I observed something like this in my first job after college. I'd come into development and maintenance of an insurance company billing system maybe six months or so (not sure) after it went into production. The designers were pretty inexperienced and most of them had never programmed--they were "business analysts" after all. The billing system they came up with closely mimicked a "tickler" system, in which payment records were made for a new policy as it was written, and any under- or over-payments were distributed over the remaining bills in the sequence. When policy premiums were changed mid-term as a result of endorsements (coverage changes, etc.) those adjustments were also distributed over the remaining bill records. Of course we programmers were going crazy with special cases, superfluous date calculations, and dealing with rounding of pennies. The system hadn't quite gotten to a literally unmaintainable state by the time I arrived, but it was being held together with superhuman programmer effort and a lot of folklore. All because of a design model that was ignorant of the nature of databases, disdained relational theory, and discounted (even then, in 1988) the cheapness of CPU cycles.
I agree that deciding what the software should and should not do is the hardest and most important part of any software development effort. XP (correctly, in my opinion) addresses this issue by putting that responsibility on the Customer rather than on the coders. The Customer says "I want the software to do this
", and the coding team makes it happen. The coding team doesn't tell the customer how to run the business, and the Customer doesn't tell the coders what internal structure the code must have.
So, in XP, the trick is finding Customers who know what the enterprise needs and coders who can make it happen. This is a much more reasonable course than trying to find people who know (or dictate) exactly what the enterprise needs and also
how to make it happen.
I don't think assigning responsibilities is a way of addressing a problem, though it may be a necessary first step. The point is that software developers are usually much better than the customer at seeing why what the customer is asking for is not what they really want. If the customer knew what they really wanted, they would ask for it, of course (most of the time). They really believe they do want what they are asking for, so it is rarely easy to persuade them that something else would be better. But that in itself is no reason not to try.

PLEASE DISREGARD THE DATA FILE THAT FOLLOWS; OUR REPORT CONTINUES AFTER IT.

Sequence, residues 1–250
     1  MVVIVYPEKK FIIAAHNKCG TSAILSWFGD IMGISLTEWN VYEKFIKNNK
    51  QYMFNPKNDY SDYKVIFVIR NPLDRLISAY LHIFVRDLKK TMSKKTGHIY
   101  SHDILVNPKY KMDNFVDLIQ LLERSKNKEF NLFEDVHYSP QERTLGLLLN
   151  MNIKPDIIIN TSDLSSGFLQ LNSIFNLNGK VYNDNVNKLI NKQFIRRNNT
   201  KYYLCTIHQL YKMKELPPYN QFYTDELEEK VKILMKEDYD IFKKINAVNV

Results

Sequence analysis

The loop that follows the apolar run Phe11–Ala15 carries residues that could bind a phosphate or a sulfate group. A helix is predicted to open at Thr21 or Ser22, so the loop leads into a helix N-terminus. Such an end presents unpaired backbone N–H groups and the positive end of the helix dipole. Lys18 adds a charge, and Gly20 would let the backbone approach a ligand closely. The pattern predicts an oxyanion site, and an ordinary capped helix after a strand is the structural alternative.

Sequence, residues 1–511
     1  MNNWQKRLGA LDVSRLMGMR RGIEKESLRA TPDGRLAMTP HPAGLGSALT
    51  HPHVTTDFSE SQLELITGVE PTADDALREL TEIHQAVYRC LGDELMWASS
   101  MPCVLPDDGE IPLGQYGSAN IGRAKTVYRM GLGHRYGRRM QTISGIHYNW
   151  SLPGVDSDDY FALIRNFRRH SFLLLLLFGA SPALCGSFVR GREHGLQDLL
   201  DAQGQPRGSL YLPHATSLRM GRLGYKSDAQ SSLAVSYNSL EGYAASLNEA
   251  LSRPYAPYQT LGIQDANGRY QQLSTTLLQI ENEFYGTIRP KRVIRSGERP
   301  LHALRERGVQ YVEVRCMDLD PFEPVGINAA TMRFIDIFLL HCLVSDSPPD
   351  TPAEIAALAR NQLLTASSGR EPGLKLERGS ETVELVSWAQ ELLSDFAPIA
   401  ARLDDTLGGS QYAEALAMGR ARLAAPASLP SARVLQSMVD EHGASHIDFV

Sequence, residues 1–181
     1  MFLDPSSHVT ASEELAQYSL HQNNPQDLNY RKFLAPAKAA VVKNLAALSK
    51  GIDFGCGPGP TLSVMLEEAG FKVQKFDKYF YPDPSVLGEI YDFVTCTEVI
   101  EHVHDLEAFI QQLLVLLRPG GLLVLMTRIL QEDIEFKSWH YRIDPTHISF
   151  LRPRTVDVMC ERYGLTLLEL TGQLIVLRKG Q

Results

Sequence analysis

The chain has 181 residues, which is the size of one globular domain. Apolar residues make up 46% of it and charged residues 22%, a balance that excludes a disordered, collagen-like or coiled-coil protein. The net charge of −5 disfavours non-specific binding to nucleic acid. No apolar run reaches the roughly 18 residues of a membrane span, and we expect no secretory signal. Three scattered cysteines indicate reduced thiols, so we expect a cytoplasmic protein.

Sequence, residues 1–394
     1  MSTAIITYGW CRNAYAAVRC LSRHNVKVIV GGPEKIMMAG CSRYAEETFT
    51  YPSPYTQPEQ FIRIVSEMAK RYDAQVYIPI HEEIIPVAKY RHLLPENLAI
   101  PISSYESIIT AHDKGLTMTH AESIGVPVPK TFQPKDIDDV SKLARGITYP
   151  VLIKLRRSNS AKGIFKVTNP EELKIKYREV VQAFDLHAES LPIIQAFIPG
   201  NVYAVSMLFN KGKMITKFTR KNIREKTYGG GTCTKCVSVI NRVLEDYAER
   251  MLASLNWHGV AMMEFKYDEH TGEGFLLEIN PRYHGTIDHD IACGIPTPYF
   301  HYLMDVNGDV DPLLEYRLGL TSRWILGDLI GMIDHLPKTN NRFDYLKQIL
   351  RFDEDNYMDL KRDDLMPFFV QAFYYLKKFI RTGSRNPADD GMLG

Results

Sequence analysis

Having said that, no-one should try to dictate the internals of software without providing justification. If the justification is missing or the costs outweigh the benefits, there is good reason to reject the suggestion. This can be a difficult debate but it is ultimately about making a decision based on what's best for the customer rather than dismissing the suggestion because of whom it came from.
The reference to customers leads directly to two common observations about customers (that probably belong on Another
It's just what we asked for, but it's not what we want.
Sometimes it's easier to give the customer what they ask for instead of explaining to them why it's not what they want.
I think that first observation is too rosy picture: customers never admit that they got what they asked for. A common case is that the customers don't realize or won't admit that they've been given what they asked for, and blame the coders for the undesirability of the delivered solution. I think that's one of the good things about XP: it involves the Customers directly to ensure that they understand and take responsibility for what they've said they want. Some see this as a way for developers to avoid responsibility, but I think it's the only way that really makes sense. If the customers don't know what they need, how can anyone expect developers to figure it out? And why do so many developers believe that they understand the customer's needs better than the customer does? It's usually best to give them what they ask for, and let them figure out on their own whether it is really what they need and whether they want something else instead. -- KrisJohnson